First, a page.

A HUGE deluge of putrid floodwater run-off has sparked the largest fish kill on record in the Hunter.
Tens of thousands of fish and marine life have been killed after dead or ‘‘blackwater’’ flooded the lower reaches of the Hunter, Williams and Paterson rivers.
The water has created a pungent odour throughout the Hunter that is expected to take weeks to dissipate.
The filthy water, caused by dead and rotting vegetation, strips oxygen levels from the rivers and releases tannins that turn the water black.
The environmental disaster is expected to kill all fish and marine life in the affected area downstream from Morpeth and Irrawang.
Environment Minister Robyn Parker last night ordered additional testing to determine the cause of the fish kill.
A spokeswoman from the Department of Primary Industries said yesterday the first dead fish were located at Hexham on Saturday.
She said it could take months for the rivers to recover and fish stocks to re-enter the estuary from the coast.
The chief environmental regulator for the Environment Protection Authority, Mark Gifford, said the problem was caused by water levels in the Williams, Paterson and Hunter rivers peaking at the same time, increasing the duration of the flooding.
Mr Gifford said that as the floods moved over low-lying areas surrounding the rivers, they picked up large quantities of organic matter, including decaying vegetation, leaves, dirt and sand.
This process stripped oxygen from the surrounding water.
‘‘EPA tests for dissolved oxygen levels taken at various points on Monday all clearly showed that the fish were impacted by low oxygen levels,’’ Mr Gifford said.
Professor of marine ecology at the University of Technology in Sydney David Booth confirmed the large numbers of dead eels and catfish suggested that anoxia (a lack of oxygen), possibly caused by significant amounts of sediment-laden run-off, may have contributed to the fish kill.
‘‘Those fish are pretty tough species, they are usually the last fish to go,’’ he said. ‘‘The fact that eels have been coming up to the surface gasping for air suggests anoxia. You can imagine that fish gills don’t work very well when they are all clogged up.’’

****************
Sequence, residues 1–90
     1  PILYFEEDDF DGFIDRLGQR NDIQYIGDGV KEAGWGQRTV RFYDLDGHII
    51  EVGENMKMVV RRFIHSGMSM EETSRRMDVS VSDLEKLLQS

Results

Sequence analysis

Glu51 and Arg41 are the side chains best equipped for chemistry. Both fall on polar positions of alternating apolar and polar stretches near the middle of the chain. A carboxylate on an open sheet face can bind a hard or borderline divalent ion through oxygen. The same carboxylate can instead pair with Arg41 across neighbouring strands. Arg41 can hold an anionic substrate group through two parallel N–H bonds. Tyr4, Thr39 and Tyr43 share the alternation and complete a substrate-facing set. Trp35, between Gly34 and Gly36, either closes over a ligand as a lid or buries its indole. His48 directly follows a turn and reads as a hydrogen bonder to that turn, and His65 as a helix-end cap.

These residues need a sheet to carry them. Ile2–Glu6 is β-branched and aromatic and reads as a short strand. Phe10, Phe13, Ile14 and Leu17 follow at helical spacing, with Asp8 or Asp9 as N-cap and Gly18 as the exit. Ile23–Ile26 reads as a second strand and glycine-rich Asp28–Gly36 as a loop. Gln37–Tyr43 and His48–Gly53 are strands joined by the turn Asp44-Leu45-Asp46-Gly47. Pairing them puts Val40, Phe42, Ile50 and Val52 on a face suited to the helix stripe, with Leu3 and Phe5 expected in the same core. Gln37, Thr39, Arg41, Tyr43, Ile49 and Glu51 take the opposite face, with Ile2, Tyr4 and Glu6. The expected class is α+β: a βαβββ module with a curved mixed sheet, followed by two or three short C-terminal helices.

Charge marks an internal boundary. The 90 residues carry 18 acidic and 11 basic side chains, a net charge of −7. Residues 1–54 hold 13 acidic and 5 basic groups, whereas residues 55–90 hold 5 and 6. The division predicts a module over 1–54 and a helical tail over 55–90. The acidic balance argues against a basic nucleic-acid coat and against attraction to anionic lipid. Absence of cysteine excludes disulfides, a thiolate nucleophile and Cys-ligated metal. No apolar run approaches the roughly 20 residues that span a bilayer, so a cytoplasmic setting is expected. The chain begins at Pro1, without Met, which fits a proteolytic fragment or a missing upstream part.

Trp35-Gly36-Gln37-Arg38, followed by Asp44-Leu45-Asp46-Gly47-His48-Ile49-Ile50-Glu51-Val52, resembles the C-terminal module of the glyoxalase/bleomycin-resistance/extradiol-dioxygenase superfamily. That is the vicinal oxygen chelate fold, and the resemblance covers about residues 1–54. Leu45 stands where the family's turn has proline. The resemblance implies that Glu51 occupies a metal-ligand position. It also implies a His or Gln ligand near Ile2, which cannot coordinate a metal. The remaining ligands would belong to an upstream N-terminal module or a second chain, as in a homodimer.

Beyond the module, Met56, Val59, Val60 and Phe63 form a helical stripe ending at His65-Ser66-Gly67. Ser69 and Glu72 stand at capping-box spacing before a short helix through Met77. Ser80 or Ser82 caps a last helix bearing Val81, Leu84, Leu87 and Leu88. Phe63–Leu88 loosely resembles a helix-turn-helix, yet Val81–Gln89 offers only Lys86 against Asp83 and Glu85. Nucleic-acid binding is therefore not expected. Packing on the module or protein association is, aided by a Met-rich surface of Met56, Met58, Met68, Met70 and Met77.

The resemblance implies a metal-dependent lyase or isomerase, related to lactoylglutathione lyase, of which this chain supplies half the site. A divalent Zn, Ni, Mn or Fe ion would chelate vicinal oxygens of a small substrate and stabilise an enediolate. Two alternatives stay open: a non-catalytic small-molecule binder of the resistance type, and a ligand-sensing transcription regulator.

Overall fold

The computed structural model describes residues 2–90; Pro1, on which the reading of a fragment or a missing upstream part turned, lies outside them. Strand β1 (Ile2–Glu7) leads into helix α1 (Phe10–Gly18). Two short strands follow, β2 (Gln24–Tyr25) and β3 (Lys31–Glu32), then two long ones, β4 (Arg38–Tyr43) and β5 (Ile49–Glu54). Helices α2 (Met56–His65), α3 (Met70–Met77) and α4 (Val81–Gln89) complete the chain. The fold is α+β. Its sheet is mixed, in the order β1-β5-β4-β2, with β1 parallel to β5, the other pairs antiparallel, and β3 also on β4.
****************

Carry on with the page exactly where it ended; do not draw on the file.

Record numbers of pelicans, about 450, flocked to Kooragang Dykes yesterday to feast on the dead fish.
Liz Crawford, of the Hunter Bird Observers Club, said records indicated there were only 35pelicans at the dykes this time last year. The largest number recorded last year was 192in April.
Hunter New England Health has issued a warning to residents not to drink or swim in the rivers.
Hexham-based commercial fisherman Jason Hewitt said the mass kill was a ‘‘complete disaster’’ for the 26prawn trawlers and 10netters and crabbers who worked the rivers.
Mr Hewitt said everything from eels and stingrays to prawns and catfish were dead.
‘‘We want further investigation to find out exactly what has happened here, we don’t believe this is only due to lack of oxygen ... We’ve been watching prawns crawling out of the water and dying along with everything else.’’
Opposition environment spokesman Luke Foley said he was concerned that the government was unable to manage waterways such as the Hunter River.
Greens environment spokeswoman Cate Faehrmann said the government needed to rule out the possibility that upstream discharges of saline mine water had not contributed to the fish kill, and the EPA should release all the water monitoring data.
Environment Minister Robyn Parker said she had been advised that the saline mine water had not contributed to the fish kill.
Similar large-scale kills have occurred in the Macleay, Richmond and Clarence rivers in 2001 and 2008.
According to the Department of Primary Industries, water quality readings taken this week downstream of Morpeth measured between 0.1 and 0.2milligrams of gas per litre of water, indicating it was almost devoid of oxygen.